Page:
This should be viewed as opportunity, though, not something to avoid.  Being aware of changes allows you to be proactive in adjustments to your business.  Ignoring the disruption is where you can be left trying to scramble to catch up.

Action to Take

  1. Establish a culture of innovation in your firm.  This is not as difficult as it sounds.  Often, we put too much pressure on ourselves by saying innovation is a skill we lack, but as a leader of your firm you are doing it to some degree.  Innovation is basically business problem solving, as I heard it described by Amy Radin, a pragmatic innovator who has worked on brands like Citi and American Express. The key is to get new perspectives and search out others that will help you push that boundary. 
  2. “How to build the innovator's temperament. There is no best temperament. But there are traits that innovators share in common, and these can be cultivated and made into habits. Among these are a restless curiosity, stubbornness and a habit of seeing past the present from an angle that's at least a bit off from everyone else's. Innovators are not just thinkers but people of action who hold their focus against all the challenges to execution.”The Daily Innovator: Born or Built?

  3. Participate in a community of peers, like those at Boomer Consulting and Digital CPA Network, to gain new perspectives, fresh ideas and novel approaches. 

  4. Schedule time to stop and think. Pulitzer Prize finalist and New York Times bestselling author Nicholas Carr, points out the importance of deep attentive thinking.  In this digital era of information always at our finger tips, you need time to step back and let the thoughts meld together.

  5. Involve representatives from across your organization as you conduct your strategic planning and weigh the impact of disruptive technology. A recent survey by Deloitte found that in midmarket businesses, 62% of the C-suite leaders are somewhat involved in tech adoption and 33% are leading the charge.  The heads of each of the functional areas – CFO, COO, etc. -- are beginning to actively engage in incorporating technology into their businesses. 

Future is coming fast

A study conducted by CPA.com and Dr. James Canton of the Institute of Global Futures revealed:

  1. 10% of CPA’s view themselves as innovative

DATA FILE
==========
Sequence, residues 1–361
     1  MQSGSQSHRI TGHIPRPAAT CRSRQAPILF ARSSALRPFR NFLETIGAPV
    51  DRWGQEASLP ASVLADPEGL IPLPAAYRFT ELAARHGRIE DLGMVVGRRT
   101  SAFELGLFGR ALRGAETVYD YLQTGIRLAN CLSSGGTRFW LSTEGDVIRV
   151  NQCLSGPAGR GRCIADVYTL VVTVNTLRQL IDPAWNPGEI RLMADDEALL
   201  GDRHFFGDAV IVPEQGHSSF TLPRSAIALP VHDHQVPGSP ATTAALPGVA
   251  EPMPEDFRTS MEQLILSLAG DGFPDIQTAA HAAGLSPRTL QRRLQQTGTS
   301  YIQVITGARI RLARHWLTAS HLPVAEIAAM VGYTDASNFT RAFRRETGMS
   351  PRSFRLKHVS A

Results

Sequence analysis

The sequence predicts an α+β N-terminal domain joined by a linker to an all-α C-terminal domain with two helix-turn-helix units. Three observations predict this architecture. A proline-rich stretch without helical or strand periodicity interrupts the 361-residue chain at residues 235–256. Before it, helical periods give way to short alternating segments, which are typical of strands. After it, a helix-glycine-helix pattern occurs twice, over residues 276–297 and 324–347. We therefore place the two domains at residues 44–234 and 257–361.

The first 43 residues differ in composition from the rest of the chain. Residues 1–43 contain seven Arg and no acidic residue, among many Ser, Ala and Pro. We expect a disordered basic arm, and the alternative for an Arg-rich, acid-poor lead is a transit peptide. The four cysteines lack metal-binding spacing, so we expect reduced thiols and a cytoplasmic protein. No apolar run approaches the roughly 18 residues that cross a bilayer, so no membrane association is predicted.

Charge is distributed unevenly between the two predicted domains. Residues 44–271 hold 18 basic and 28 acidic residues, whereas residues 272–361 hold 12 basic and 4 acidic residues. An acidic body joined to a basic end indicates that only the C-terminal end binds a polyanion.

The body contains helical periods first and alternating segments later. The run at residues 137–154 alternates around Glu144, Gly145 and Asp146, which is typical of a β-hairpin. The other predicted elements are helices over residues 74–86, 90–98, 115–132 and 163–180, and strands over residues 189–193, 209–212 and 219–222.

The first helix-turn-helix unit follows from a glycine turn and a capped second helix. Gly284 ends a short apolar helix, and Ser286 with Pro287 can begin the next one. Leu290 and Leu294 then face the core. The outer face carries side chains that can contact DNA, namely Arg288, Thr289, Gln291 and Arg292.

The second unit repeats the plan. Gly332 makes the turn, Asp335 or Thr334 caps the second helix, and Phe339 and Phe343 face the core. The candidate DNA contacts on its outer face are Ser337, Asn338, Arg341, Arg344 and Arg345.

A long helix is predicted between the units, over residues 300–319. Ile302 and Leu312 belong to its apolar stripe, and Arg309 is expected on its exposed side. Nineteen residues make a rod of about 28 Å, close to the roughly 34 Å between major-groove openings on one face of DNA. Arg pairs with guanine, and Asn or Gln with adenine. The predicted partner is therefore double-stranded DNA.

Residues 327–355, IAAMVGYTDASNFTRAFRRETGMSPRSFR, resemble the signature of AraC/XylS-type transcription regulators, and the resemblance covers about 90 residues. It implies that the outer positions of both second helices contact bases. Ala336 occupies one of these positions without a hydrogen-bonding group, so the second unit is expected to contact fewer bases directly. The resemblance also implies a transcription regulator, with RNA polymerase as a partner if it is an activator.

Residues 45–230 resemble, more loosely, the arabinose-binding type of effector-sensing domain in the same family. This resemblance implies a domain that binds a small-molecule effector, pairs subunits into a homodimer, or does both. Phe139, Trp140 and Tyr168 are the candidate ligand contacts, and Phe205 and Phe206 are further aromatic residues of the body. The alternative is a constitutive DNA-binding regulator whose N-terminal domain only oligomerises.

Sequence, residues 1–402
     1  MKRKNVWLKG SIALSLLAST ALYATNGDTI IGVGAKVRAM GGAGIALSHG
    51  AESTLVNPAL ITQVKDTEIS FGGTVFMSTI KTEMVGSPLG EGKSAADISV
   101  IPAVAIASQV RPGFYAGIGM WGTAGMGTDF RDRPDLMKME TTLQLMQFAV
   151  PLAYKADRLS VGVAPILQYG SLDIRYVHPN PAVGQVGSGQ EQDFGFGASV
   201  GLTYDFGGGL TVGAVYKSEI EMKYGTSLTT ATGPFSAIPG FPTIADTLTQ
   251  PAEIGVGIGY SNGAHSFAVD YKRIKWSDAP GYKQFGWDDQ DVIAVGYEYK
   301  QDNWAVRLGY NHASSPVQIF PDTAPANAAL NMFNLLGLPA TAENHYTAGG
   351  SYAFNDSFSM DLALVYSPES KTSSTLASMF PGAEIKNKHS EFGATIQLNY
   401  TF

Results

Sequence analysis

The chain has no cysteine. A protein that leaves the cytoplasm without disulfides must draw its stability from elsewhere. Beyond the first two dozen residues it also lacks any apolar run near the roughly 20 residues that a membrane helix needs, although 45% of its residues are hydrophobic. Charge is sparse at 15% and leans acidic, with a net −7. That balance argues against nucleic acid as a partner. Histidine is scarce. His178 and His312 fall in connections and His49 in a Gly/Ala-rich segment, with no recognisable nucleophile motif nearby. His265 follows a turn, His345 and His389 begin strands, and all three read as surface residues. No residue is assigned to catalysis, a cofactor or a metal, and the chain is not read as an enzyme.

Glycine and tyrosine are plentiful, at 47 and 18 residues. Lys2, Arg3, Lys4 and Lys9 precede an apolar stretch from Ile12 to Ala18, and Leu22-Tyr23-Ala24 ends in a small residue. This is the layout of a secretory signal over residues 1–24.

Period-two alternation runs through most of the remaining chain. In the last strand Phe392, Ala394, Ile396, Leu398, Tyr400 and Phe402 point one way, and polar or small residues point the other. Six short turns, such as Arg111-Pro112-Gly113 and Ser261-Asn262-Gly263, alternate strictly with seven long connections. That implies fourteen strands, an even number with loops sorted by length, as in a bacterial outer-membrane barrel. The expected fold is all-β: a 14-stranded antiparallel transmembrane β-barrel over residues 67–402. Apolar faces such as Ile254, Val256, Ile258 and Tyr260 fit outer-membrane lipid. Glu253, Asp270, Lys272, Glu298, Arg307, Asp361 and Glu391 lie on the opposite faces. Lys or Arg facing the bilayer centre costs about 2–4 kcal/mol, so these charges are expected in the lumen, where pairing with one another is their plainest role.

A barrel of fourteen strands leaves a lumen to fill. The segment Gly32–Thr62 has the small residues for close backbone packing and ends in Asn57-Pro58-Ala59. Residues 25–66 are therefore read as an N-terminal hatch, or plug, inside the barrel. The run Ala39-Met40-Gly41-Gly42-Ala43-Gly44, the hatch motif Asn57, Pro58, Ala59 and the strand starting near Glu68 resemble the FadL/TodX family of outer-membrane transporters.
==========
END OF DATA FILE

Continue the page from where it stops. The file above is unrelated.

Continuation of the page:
2. 8% of CPA’s think the profession is future ready today (fall 2014)
  3. 20% of CPA’s believe disruptive innovations will be a driving influence by 2025
  4. 80% of CPA’s see their role changing significantly by 2025.

(See more findings from this study)

So what does this all mean?  The future is fast approaching. Strategic planning done right involves having a strong long-term vision for your practice, being nimble in the short term and arming yourself with insights and perspectives to cultivate an innovative culture. If you navigate this well, you can anticipate changes from templosion and create a path of fast growth for your firm. With CPAs continuing to move to more advisory and consulting roles, you can use these principles to help your clients be mindful and plan strategically for the future success of their business.

About Samantha Mansfield

Samantha Mansfield is driven by her passion to help public accounting practitioners leverage relevant technology strategically to grow their businesses.  Her love of sharing information and helping others develop is seen in her 15 year career and personal hobbies.  She has a bachelor of arts in business administration/ marketing from Hillsdale College; she has served on the board of 2 non-profit organizations and spends time volunteering.  Samantha is currently the Director of Corporate Communications at CPA.com.

In 2015 she was honored on the CPA Practice Advisor’s “40 Under 40” list, and mentioned as an up and comer on Accounting Today’s “Top 100 Most Influential in Accounting.”

Tags:  2015  Samantha Mansfield